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Unclear

 
memati bas
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Hi,
I do not exactly understand what the following try to say.
If anyone understand, please explain it to me cearly.

daemon threads do not keep the program from quitting; user threads keep the program from quitting.
 
memati bas
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And what does daemon threads do and why??
 
Craig Tyler
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When you create a thread you can use setDaemon() to make the thread either a daemon thread or a user thread. When every user thread has finished its run method (and your main thread has finished main()), the program will quit, regardless of whether or not any threads you set to daemon are still running.

Hope that helps.
 
memati bas
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Are there any advantage of daemon threads since they are still running even though all threads die ???
 
memati bas
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Does the following code have the same effect with the daemon threads ??
Please explain your answer...

 
Ken Blair
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Originally posted by memati bas:
Are there any advantage of daemon threads since they are still running even though all threads die ???


A daemon thread doesn't keep running. Once all non-daemon threads die the JVM exits, nothing is still running at that point. The advantage to a daemon thread is it doesn't keep the JVM from terminating just becuase it's still alive. They're intended for things like background services happening that shouldn't keep an application open.
 
Ken Blair
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Originally posted by memati bas:
Does the following code have the same effect with the daemon threads ??
Please explain your answer...



System.exit(0) will terminate the JVM, so yes it has the same affect on a daemon thread as anything else. Once that JVM terminates nothing can keep running. You can't have Word open when the computer is off anymore than you can have threads in a Java application continue to run when the JVM has terminated.
 
amod gole
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hi memeti bas,


daemon threads are the threads which are running in background and are used to provide services to your application through out the life of application

take an example of linux system
in which init process(thread) is deamon thread it is parent of all process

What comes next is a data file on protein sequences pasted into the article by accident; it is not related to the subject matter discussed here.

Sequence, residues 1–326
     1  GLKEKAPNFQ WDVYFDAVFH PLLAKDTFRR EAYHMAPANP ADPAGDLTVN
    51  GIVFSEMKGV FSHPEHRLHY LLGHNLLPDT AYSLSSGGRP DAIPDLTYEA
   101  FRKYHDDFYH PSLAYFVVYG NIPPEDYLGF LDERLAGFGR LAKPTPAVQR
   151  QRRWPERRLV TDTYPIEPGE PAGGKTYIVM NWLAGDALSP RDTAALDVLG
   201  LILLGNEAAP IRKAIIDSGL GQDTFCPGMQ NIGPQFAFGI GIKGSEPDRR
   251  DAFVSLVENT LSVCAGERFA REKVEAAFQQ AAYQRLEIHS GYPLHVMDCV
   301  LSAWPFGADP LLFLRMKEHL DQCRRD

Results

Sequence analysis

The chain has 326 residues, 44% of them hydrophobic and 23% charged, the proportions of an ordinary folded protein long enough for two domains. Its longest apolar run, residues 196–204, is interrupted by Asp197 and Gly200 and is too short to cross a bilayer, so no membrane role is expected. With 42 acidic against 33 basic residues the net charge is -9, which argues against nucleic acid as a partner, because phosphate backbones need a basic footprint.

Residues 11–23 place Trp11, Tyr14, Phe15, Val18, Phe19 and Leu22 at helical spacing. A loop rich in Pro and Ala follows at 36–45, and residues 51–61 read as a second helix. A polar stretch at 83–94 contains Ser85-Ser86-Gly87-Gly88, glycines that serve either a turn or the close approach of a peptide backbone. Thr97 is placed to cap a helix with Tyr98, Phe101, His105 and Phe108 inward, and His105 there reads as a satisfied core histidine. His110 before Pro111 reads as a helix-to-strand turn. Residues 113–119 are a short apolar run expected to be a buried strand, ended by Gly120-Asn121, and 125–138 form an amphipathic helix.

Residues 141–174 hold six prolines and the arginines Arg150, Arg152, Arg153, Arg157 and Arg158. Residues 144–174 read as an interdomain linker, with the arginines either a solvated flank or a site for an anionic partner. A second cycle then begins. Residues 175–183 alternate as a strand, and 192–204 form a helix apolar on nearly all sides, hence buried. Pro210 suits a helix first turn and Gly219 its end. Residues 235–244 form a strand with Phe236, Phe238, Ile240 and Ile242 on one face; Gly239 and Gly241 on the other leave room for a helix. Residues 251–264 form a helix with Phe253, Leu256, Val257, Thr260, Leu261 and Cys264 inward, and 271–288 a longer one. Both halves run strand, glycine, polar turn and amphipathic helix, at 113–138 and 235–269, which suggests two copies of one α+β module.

it is providing services to new child process(thread)

in java (i am not sure but my opinion or conclusion is that gc is also deamon thread
 
Stan James
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The following program will run until Thread t finishes, which it might never do. The single user thread t is sufficient to keep the program going.


The following program will end as soon as we exit main(). The daemon thread t is not sufficient to keep the program going.

Actually I wonder if it make take the the JVM a while to stop Thread t if t is blocking on IO or something. That might be an interesting experiment.
 
memati bas
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Hi,
Thanks for replies but something make me confused about their purpose.
I do not understand the the meaning of the following sentence exactly.
Can you make it more clear ?
They're intended for things like background services happening that shouldn't keep an application open.
 
Stan James
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Here are a couple real examples: I wrote a little web server with two background threads. One expires user sessions after nn minutes, another unlocks files locked for editing at a similar interval. These are daemons. When I shut down the web server there is no need for these to keep running.

On the other hand, the main() for the server is just about as short as the example I put above. It calls the application assembler to configure all the components, starts an HTTPServer thread for each port I'm listening to (the server can listen on any number of ports) and exits. The HTTPServer threads are not daemons. They run until my admin page tells them to stop so users can connect after the main() method exits.

The wording in the doc for daemon is wonderfully backwards, something about "The JVM exits when all threads that are not daemons have ended." I'm very sympathetic with anyone who needs help to get that.
 
Megs Maquito
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Isn't it true that the main() method is in the daemon thread? which is also the main thread?
 
Ken Blair
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Originally posted by Megs Maquito:
Isn't it true that the main() method is in the daemon thread? which is also the main thread?


The main method is called by the main thread, which is not a daemon thread.
 
memati bas
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Originally posted by Stan James:
[QB]Here are a couple real examples: I wrote a little web server with two background threads. One expires user sessions after nn minutes, another unlocks files locked for editing at a similar interval. These are daemons. When I shut down the web server there is no need for these to keep running.
.
.
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Thanks for this...
 
It is sorta covered in the JavaRanch Style Guide.
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